10 High Street is the former home of the Andover Advertiser, founded by John Russell Fox who produced the first edition at this address on 1 January 1858. The premises were rebuilt by the Fox family 10 years later, but, in the same year, a new proprietor took over. In 1876, the paper changed hands again, to James Charles Holmes. The Holmes family then ran the Andover Advertiser for 110 years, until 1986.
A print and text about Life Without Printing Ink.
The text reads: Front cover of an advertisement booklet called Life Without Printing Ink published by Shuck, Maclean & Co Ltd, c1920. This booklet included a series of coloured plates that featured artwork by artists including: W Heath-Robinson, John Hassall, H Bateman & Others which can be seen throughout The John Russell Rox.
One of the illustrations by Shuck, Maclean and Co Ltd, entitled Life Without Printing Ink – No Posters.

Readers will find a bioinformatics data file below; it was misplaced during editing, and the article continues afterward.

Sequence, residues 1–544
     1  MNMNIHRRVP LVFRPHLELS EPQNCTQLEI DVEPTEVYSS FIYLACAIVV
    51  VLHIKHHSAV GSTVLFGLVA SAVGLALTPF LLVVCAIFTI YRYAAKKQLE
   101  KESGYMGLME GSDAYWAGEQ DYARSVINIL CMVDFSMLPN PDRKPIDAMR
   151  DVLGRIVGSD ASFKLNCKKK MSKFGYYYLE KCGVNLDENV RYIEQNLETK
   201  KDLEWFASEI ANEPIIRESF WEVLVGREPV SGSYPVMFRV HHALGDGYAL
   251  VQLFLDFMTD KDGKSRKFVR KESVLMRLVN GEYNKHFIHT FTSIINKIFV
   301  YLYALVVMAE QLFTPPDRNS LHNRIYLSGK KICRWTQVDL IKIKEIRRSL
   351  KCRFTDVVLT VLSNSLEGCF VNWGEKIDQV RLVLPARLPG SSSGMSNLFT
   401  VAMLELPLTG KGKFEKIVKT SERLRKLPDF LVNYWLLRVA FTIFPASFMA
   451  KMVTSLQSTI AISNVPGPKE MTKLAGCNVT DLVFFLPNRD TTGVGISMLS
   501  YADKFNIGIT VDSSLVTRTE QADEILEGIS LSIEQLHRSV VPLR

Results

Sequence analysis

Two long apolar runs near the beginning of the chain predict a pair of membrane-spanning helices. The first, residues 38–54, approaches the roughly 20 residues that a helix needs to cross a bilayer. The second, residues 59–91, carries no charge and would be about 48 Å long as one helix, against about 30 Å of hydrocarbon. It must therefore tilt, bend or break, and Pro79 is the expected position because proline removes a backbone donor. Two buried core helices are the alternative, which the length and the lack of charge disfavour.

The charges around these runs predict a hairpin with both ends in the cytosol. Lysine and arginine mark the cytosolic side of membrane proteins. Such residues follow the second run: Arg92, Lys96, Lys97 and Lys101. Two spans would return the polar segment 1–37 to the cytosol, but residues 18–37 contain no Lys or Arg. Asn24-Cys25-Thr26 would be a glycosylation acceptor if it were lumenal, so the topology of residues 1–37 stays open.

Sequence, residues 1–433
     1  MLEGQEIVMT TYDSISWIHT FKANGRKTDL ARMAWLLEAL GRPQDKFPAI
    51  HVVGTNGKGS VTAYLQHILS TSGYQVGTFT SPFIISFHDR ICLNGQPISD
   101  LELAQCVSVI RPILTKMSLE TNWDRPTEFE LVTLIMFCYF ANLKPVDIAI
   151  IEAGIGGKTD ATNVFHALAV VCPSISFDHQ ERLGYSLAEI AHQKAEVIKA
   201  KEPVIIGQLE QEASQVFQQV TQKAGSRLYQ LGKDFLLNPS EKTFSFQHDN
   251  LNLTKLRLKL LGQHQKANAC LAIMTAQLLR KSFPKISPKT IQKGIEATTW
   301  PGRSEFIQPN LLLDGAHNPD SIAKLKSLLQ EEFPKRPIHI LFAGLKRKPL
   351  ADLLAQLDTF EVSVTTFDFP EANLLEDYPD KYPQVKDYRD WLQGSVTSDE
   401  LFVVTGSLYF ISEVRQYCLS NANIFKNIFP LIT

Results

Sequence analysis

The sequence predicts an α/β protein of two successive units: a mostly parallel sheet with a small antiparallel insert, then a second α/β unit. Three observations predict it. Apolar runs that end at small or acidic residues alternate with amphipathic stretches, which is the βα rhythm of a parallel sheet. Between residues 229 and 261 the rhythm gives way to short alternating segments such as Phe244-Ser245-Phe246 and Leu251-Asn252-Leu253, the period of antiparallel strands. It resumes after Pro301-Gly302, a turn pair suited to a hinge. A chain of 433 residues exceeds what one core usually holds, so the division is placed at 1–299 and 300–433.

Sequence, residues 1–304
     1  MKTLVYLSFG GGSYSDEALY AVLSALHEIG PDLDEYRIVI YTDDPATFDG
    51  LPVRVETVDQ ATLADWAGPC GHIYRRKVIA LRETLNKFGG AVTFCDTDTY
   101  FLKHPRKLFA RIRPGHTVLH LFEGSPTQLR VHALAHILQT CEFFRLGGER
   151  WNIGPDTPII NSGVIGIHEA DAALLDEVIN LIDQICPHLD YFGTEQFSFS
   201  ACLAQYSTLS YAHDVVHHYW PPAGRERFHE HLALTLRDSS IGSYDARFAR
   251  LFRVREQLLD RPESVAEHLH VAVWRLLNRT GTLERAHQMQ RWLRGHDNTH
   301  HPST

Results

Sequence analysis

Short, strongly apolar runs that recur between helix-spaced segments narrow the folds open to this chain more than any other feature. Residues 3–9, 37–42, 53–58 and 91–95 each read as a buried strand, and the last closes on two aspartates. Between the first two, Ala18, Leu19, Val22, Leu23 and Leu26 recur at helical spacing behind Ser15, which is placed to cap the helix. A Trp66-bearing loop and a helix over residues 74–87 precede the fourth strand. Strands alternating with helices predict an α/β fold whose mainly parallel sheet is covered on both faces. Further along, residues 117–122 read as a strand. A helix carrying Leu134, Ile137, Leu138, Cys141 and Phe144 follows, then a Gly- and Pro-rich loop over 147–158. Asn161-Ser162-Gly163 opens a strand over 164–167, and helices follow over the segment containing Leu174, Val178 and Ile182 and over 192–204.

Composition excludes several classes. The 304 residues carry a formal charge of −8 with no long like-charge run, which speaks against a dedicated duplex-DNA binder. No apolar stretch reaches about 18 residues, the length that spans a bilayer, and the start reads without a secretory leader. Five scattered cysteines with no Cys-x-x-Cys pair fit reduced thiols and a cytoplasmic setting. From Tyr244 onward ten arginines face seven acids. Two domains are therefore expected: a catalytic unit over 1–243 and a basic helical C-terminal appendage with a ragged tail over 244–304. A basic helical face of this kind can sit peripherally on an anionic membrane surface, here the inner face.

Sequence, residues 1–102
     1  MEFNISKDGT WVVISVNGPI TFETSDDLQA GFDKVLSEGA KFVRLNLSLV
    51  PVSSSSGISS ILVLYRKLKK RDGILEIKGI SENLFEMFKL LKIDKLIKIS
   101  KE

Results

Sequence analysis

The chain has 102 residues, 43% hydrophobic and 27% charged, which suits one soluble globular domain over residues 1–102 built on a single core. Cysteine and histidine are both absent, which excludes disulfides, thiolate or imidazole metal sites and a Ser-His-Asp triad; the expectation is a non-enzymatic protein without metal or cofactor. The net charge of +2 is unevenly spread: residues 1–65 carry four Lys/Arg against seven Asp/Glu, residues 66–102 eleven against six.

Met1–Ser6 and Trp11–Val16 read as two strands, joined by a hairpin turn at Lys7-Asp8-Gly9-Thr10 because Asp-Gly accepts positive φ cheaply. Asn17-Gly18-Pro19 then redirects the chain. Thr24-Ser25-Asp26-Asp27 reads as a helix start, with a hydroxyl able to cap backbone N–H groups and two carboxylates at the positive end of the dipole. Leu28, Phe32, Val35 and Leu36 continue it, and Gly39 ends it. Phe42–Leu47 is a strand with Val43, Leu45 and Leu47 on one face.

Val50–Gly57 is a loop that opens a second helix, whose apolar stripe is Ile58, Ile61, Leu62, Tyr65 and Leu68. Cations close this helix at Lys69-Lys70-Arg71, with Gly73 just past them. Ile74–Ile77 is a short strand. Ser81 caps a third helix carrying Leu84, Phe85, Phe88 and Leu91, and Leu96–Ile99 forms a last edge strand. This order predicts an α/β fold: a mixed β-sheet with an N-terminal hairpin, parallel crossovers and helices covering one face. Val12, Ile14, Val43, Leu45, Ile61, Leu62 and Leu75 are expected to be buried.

An advert for W Tasker & Sons’ engines and machines.
A photograph of the interior of one of the workshops at Tasker’s Waterloo Iron Works.
This is one of the original intertype setting machines used by the Andover Advertiser who previously occupied this building.
An Andover Advertiser stand.
A photograph of the sole remains of Andover’s Norman church, and arch from c1150 which was re-erected in the Upper High Street in 1845.
An old photograph of Andover.
External photograph of the building – main entrance.
If you have information on the history of this pub, then we’d like you to share it with us. Please e-mail all information to: email@example.com